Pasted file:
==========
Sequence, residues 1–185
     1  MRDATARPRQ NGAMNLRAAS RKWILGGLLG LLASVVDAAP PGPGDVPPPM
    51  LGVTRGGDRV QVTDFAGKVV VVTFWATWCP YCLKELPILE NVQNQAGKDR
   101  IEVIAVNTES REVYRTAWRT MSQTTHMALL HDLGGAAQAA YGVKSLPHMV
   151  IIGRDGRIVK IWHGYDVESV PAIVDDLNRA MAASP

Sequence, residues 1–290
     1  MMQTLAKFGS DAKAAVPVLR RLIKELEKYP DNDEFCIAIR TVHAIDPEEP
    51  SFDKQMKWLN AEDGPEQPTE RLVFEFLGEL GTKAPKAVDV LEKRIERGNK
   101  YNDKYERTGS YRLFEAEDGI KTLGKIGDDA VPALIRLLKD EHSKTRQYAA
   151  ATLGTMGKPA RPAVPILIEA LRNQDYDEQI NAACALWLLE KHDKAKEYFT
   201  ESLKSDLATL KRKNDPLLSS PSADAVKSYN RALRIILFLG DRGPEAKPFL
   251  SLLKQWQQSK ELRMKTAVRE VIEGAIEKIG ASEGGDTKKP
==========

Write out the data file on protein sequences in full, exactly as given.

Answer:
Sequence, residues 1–185
     1  MRDATARPRQ NGAMNLRAAS RKWILGGLLG LLASVVDAAP PGPGDVPPPM
    51  LGVTRGGDRV QVTDFAGKVV VVTFWATWCP YCLKELPILE NVQNQAGKDR
   101  IEVIAVNTES REVYRTAWRT MSQTTHMALL HDLGGAAQAA YGVKSLPHMV
   151  IIGRDGRIVK IWHGYDVESV PAIVDDLNRA MAASP

Sequence, residues 1–290
     1  MMQTLAKFGS DAKAAVPVLR RLIKELEKYP DNDEFCIAIR TVHAIDPEEP
    51  SFDKQMKWLN AEDGPEQPTE RLVFEFLGEL GTKAPKAVDV LEKRIERGNK
   101  YNDKYERTGS YRLFEAEDGI KTLGKIGDDA VPALIRLLKD EHSKTRQYAA
   151  ATLGTMGKPA RPAVPILIEA LRNQDYDEQI NAACALWLLE KHDKAKEYFT
   201  ESLKSDLATL KRKNDPLLSS PSADAVKSYN RALRIILFLG DRGPEAKPFL
   251  SLLKQWQQSK ELRMKTAVRE VIEGAIEKIG ASEGGDTKKP